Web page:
If there were regular enforcement, a reasonably possible reaction could be a tripling or otherwise great multiple of the incidence of telephone calls to law enforcement, because, like the filing of a SAR itself, the dissymmetry between the consequences (high) of not acting when you were supposed to and the consequences (miniscule, if that) of acting when you weren’t really required to act creates a substantial amount of unproductive action. In the case of SAR filings, this equates to defensive SARs. In the case of telephone calls, this could present as a process to practically degrade the saliency to law enforcement of a given call, because it may more likely occur in a sea of non-urgent calls from financial institutions. Moreover, one of the apparent benefits of this requirement to begin with is to build credible informal relationships between financial institutions and particular law enforcement officials, and excessive telephone calls wouldn’t be helpful for that purpose. Maybe things are better off the way they are.

When Are You Gonna Call?

There is no defined period for “immediate.” Even if we assume that “immediate” means within one or at most a few days, the bigger question is the starting point. Is it the day the SAR is filed, or the day something is deemed suspicious (starting the 30 day clock) or is it before something is deemed suspicious? For example, we may likely assume that a terrorist financing scheme would merit an immediate notice when a SAR is to be filed, but we might expect that notice to occur even before the formal filing of a SAR; there is no direction in the regulations in that regard. And if you call before something is deemed suspicious, just to be safe, have you, in effect, started the 30 day clock, anyway? Given the proximity (in the same paragraph in each of the regulations cited in this article) in the regulations of the 30 day time period for filing and the requirement of “immediacy” for a telephone call, it appears arguable that the call should precede the filing of the SAR. In some instances, however, a financial intelligence unit or the person making the SAR filing decision may deem something suspicious and set the 30 day clock rolling, but may still be gathering information for the SAR filing. There will be some judgment about whether to wait a short time (presumably less than 30 days) to have facts compiled and organized before calling law enforcement. This is another area where guidance could be helpful.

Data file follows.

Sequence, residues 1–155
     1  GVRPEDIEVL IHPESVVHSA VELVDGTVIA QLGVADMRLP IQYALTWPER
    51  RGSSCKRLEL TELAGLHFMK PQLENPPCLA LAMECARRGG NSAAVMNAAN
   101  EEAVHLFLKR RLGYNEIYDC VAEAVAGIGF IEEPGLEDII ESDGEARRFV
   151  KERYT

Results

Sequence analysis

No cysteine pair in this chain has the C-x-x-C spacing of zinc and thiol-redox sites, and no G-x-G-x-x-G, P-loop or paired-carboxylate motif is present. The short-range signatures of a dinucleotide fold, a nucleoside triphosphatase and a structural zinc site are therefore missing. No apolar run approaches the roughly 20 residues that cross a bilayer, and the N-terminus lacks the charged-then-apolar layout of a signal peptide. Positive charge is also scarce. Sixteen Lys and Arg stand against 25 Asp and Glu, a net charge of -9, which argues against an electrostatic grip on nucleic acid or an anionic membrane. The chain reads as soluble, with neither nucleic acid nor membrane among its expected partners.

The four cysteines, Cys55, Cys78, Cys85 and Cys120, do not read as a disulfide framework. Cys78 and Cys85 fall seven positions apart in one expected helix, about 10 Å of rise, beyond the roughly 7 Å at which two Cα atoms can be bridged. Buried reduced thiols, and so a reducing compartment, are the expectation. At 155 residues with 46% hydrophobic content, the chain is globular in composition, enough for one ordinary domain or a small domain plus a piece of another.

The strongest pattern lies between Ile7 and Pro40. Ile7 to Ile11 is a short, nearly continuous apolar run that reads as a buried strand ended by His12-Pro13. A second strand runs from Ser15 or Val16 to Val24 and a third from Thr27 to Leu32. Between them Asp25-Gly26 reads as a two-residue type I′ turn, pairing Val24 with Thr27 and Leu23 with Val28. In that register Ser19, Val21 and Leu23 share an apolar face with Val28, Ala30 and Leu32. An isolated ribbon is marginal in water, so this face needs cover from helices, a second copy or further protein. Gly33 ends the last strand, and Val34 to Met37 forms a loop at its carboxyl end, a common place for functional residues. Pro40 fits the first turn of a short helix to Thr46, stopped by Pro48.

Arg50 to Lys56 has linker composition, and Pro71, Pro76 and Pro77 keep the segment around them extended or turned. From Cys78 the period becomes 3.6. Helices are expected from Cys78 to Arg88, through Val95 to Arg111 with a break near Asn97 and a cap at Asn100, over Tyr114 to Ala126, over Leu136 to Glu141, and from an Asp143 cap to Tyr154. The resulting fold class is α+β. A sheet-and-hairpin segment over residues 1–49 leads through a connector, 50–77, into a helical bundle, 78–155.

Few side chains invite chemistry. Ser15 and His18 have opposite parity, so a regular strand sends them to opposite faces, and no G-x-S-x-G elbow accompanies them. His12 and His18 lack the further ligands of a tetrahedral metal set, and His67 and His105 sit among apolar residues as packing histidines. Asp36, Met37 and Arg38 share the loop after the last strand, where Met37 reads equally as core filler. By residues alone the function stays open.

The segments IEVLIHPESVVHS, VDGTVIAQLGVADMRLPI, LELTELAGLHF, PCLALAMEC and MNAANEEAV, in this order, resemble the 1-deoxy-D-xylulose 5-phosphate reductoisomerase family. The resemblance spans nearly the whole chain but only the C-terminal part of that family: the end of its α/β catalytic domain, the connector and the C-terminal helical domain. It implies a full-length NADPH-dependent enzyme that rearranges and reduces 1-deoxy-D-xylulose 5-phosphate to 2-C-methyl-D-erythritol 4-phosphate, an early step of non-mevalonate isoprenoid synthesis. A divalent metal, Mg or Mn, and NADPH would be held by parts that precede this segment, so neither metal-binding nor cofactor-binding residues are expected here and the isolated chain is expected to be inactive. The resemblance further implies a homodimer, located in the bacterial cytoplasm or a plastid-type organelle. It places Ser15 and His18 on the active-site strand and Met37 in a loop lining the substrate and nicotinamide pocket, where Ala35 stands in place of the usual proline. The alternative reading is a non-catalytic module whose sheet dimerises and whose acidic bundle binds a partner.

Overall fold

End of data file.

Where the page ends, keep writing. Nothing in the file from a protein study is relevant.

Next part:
Who You Gonna Call?

Although the regulations are perhaps remarkably flexible with the citation of the hypothetical “appropriate” law enforcement authority, here the agencies have been active in supplying answers. The SEC has nominated a hotline for this purpose. FinCEN has set up a hotline to expedite voluntary reports in this setting, especially for terrorist financing situations. The FFIEC BSA Examination Manual Suspicious Activity Reporting Overview ( https://goo.gl/aaD2bW at p. 8) advises that the appropriate authority is “usually” the FBI or the IRS, although, as set out in the regulation quoted above, a telephone call to the Federal Reserve Board, the Office of Comptroller of the Currency or the like may be required as well. FINRA ( https://goo.gl/ZdUULX at p 32)has cited the SEC’s examples of appropriate agencies. It would appear that so long as an employee of the institution has the ear of a law enforcement authority that has the particular crime or violation involved in the ambit of its work, things should sort themselves out “appropriately.” There is no indication that for any violation, there is one and only one appropriate agency, anyway.

Conclusion

The requirement of immediate telephone contact is a steady component of SAR regulations, though the actual timing, necessity and direction of a telephone call to law enforcement is not clear. Given the premium on the immediacy of an violation, as that term is used in the SAR regulations, the framework suggests that law enforcement be called when a financial institution has enough information to identify a serious wrong that could be investigated, particularly one where delay in the initiation of an investigation could visit harm on innocent persons. The lack of definitive guidance about what situations implicate a phone call and when it must be made have created a situation where the timing and fact of a telephone call are left to the bona fide judgment of the financial institution. Without more specific guidance or new defining regulations, this may be a reasonable place for this requirement to be. However, since these telephone calls represent an especially important segment of suspicious activity, the compiling of data around these calls and the provision of more specific guidance on why some things “require” attention, how the communication should take place and what an “appropriate” law enforcement authority would be, form a path worthy of consideration.